Karen, the tutor who advised post mid-session review had suggested a different way of working. A bit late in the day really for radical changes in process but I did seek out a light box and lamp and used them to record characteristics of my many new found objects (gleaned from the beach at Prestongrange one chilly Sunday morning). I also catalogued them in terms of shape, colour and material and photographed them. I soon arrived at the objects which were to give focus to new work - glass fragments. The material collected from the beach was quite raw in that it had not been weathered to the same degree as my older collection. Clearly the glass shards were the bottom of vases and glasses and still retained defined features which were visible when placed under bright light. I set to documenting these patterns and arrived at interesting repeat compositions which could form the basis of paintings. I wanted to keep things simple and did some research on minimalist artists. Additionally I have become increasingly interested in the way work is displayed, the way artworks based on the same object can relate to one another in terms of positioning and space.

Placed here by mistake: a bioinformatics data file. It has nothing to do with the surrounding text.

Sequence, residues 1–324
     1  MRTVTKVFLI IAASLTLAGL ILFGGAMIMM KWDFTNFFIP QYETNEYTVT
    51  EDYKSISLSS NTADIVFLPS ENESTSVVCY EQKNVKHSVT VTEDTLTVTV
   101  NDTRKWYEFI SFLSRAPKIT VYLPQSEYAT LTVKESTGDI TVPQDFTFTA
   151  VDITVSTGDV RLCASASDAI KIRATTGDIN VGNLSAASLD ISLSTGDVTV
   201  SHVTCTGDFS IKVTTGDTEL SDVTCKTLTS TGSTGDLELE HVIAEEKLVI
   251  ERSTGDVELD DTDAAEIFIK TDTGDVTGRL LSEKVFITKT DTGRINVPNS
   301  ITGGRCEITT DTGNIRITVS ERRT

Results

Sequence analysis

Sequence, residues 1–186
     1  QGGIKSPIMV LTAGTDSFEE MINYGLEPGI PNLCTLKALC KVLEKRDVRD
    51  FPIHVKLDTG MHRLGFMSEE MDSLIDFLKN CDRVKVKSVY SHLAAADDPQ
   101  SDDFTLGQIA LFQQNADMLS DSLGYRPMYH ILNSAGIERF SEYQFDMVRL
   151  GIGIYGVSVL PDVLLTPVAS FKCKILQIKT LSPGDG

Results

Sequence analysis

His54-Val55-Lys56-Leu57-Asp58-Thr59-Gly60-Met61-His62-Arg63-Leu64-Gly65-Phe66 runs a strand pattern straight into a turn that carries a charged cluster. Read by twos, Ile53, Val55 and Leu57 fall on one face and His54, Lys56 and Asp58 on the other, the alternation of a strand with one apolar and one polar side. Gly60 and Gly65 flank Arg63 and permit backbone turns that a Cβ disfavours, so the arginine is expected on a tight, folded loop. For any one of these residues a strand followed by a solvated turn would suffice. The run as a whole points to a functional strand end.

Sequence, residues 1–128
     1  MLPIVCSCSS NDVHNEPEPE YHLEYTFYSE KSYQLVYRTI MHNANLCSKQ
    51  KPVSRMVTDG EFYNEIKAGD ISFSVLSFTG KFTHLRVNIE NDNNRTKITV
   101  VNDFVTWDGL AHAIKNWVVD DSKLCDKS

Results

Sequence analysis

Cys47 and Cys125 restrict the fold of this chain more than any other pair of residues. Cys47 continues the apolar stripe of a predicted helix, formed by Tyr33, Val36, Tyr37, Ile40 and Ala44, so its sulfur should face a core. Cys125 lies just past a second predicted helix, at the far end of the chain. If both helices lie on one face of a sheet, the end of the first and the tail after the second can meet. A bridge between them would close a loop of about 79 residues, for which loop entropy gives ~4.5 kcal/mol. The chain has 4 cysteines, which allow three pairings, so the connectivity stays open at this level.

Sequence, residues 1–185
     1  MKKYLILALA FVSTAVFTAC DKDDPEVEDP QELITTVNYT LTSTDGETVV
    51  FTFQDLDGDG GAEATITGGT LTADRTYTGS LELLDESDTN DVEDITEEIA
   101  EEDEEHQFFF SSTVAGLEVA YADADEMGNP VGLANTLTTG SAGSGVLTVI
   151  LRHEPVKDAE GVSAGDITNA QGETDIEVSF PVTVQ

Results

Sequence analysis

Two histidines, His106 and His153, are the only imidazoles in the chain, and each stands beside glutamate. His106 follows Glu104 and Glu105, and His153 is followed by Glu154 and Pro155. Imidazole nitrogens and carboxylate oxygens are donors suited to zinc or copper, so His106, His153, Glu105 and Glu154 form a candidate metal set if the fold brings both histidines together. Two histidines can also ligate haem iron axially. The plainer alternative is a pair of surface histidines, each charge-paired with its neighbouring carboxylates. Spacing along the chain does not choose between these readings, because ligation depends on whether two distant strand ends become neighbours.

One final push came from a talk by Daniel Sturgis. He talked about 'equivalence' in his paintings. That is the subtle differences between seemingly identical paintings. This is what I wanted to achieve. A series of paintings based on one single object in which a large painting could stand alone but be supported by a series of smaller ones which highlighted details of the larger one. Back to the macro and micro idea from 3rd year work I suppose.
Here are the artists I researched: